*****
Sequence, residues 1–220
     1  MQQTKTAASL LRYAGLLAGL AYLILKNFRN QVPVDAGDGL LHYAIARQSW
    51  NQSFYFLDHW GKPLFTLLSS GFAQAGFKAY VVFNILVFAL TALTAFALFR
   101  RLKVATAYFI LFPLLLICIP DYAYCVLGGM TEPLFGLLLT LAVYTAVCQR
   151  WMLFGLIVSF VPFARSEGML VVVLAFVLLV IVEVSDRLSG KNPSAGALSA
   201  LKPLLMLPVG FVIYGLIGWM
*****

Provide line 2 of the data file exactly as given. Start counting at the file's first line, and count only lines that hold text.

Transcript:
     1  MQQTKTAASL LRYAGLLAGL AYLILKNFRN QVPVDAGDGL LHYAIARQSW